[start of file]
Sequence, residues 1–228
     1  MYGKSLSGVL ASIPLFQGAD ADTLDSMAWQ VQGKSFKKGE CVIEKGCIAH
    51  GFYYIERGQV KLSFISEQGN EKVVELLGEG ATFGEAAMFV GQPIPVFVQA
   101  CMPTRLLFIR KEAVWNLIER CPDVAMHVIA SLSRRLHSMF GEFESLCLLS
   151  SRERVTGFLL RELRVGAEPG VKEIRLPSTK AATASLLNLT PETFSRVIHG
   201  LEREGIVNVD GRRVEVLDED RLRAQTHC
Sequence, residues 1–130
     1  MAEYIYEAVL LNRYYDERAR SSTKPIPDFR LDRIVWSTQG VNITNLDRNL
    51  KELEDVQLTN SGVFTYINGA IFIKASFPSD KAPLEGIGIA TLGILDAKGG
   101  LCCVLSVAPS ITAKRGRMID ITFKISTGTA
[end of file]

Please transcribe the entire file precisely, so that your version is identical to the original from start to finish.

Sequence, residues 1–228
     1  MYGKSLSGVL ASIPLFQGAD ADTLDSMAWQ VQGKSFKKGE CVIEKGCIAH
    51  GFYYIERGQV KLSFISEQGN EKVVELLGEG ATFGEAAMFV GQPIPVFVQA
   101  CMPTRLLFIR KEAVWNLIER CPDVAMHVIA SLSRRLHSMF GEFESLCLLS
   151  SRERVTGFLL RELRVGAEPG VKEIRLPSTK AATASLLNLT PETFSRVIHG
   201  LEREGIVNVD GRRVEVLDED RLRAQTHC
Sequence, residues 1–130
     1  MAEYIYEAVL LNRYYDERAR SSTKPIPDFR LDRIVWSTQG VNITNLDRNL
    51  KELEDVQLTN SGVFTYINGA IFIKASFPSD KAPLEGIGIA TLGILDAKGG
   101  LCCVLSVAPS ITAKRGRMID ITFKISTGTA